Always support your ideas by specific references to the text. You should use one brief quotation per main idea also. Quotes must be relevant, brief, and explained. Always introduce your quotations, giving your reader the context of the quotation. IF YOU DO NOT EXPLAIN YOUR USE OF THIS QUOTATION, YOUR READER DOES NOT KNOW WHY IT IS RELEVANT TO YOUR ARGUMENT. QUOTES ARENOT SELF-EXPLAINING!
For example, you need to prove that Creon represents rational thinking. Your quotation should look something like:
Sophocles depicts Creon as a rational thinker most clearly when he returns from the Oracle at Delphi and learns that Oedipus has accused him of treason. Instead of jumping to conclusions, Creon asks the Chorus, “Was his glance steady, his mind right / when the charge was brought against me” (590-591). Creon’s question asks if Oedipus genuinely intends to accuse him of treason while his thinking was unaffected by his emotions, or if he makes the accusation out of anger and in the heat of his emotions when his mind was not “right.” The phrases, “steady glance” and “mind right” are metaphors for Oedipus’ ability to think correctly and rationally. They show that Creon will not jump to false conclusions, that he knows Oedipus’ personality, and that he will himself think calmly instead of becoming angry and irrational.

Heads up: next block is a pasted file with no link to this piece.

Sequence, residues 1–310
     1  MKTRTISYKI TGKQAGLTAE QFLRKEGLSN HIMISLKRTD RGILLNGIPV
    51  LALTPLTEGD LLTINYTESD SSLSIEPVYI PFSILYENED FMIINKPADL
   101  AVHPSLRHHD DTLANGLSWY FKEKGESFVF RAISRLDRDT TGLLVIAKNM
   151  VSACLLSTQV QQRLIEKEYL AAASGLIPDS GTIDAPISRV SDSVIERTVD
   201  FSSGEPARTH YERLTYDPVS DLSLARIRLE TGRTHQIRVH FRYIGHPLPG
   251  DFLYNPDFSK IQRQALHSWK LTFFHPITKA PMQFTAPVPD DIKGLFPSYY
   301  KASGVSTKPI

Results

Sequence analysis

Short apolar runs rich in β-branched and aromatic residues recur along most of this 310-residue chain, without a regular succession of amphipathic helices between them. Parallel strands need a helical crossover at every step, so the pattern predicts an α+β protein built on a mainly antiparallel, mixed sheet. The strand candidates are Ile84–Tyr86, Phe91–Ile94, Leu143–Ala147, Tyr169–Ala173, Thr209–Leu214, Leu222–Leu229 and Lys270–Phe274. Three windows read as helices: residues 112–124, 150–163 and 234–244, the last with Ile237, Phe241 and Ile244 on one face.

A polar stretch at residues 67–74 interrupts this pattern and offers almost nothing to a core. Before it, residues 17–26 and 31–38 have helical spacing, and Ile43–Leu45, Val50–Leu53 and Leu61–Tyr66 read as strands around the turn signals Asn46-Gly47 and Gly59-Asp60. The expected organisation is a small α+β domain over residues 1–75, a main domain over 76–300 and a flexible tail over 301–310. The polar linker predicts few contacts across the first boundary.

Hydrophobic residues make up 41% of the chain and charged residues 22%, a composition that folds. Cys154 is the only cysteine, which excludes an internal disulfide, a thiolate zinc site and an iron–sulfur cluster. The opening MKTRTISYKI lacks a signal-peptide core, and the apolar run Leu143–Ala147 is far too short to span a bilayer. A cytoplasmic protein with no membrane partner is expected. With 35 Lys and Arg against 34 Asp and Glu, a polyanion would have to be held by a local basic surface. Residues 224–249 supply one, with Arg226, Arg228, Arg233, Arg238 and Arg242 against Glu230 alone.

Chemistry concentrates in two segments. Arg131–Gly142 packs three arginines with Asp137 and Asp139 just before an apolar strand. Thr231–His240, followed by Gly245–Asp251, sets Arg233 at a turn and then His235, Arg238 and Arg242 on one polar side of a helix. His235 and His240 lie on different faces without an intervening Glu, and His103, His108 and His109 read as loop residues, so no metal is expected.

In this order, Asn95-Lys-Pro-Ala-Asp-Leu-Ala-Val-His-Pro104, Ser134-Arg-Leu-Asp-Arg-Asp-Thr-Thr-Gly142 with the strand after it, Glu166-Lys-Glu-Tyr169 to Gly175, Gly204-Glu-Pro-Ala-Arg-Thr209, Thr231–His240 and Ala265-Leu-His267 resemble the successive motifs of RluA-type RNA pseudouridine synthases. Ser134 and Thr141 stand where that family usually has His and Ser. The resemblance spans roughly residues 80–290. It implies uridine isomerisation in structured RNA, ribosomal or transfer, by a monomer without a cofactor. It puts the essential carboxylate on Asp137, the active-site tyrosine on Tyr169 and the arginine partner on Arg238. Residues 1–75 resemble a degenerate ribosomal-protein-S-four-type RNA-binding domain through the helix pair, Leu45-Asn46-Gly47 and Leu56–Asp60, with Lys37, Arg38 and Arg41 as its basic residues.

Observe the following:
1. The lines preceding the quotation provide the context for the quotation. They inform the reader of when and why the lines occur in the play, when Creon returns home.
2. Place a comma at the end of the introductory phrase and before beginning the quotation.
3. The quotation ends with a parenthetical citation (in brackets) that informs the reader of the specific line numbers for lines quoted.
4. The final full stop occurs at the end of the closing parenthesis.
5. The lines after the quotation explain the quotation.
The quotation is brief. Limit your quotes to one per paragraph, and no quote should really exceed four lines.